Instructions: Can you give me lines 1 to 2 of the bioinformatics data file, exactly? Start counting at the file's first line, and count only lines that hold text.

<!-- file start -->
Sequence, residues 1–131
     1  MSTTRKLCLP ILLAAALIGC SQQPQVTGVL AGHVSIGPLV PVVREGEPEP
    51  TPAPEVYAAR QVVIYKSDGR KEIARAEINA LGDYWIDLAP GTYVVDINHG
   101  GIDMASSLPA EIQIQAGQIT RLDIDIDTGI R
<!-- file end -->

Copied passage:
Sequence, residues 1–131
     1  MSTTRKLCLP ILLAAALIGC SQQPQVTGVL AGHVSIGPLV PVVREGEPEP